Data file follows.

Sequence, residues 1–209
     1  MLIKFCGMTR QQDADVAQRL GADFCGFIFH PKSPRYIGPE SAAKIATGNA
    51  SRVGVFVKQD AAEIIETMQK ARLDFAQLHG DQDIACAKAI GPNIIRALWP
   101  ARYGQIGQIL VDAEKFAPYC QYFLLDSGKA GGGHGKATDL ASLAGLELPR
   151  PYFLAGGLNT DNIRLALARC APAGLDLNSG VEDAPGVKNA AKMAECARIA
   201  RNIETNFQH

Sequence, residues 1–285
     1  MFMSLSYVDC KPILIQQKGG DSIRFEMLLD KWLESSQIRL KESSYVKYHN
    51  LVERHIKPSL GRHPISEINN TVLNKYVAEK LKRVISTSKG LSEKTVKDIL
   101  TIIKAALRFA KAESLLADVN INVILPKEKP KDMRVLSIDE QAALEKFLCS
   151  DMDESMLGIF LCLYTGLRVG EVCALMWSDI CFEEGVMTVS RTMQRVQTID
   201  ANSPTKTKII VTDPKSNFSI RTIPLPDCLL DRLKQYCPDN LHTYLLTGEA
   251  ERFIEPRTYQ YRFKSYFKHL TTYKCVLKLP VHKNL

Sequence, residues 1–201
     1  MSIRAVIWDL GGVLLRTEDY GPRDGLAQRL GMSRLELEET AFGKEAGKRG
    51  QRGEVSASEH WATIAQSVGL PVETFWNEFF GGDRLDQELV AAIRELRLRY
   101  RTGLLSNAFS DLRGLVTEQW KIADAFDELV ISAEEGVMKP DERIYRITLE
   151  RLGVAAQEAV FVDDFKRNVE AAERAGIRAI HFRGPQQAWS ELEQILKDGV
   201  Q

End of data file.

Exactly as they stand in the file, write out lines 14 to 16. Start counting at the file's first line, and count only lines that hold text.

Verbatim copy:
Sequence, residues 1–201
     1  MSIRAVIWDL GGVLLRTEDY GPRDGLAQRL GMSRLELEET AFGKEAGKRG
    51  QRGEVSASEH WATIAQSVGL PVETFWNEFF GGDRLDQELV AAIRELRLRY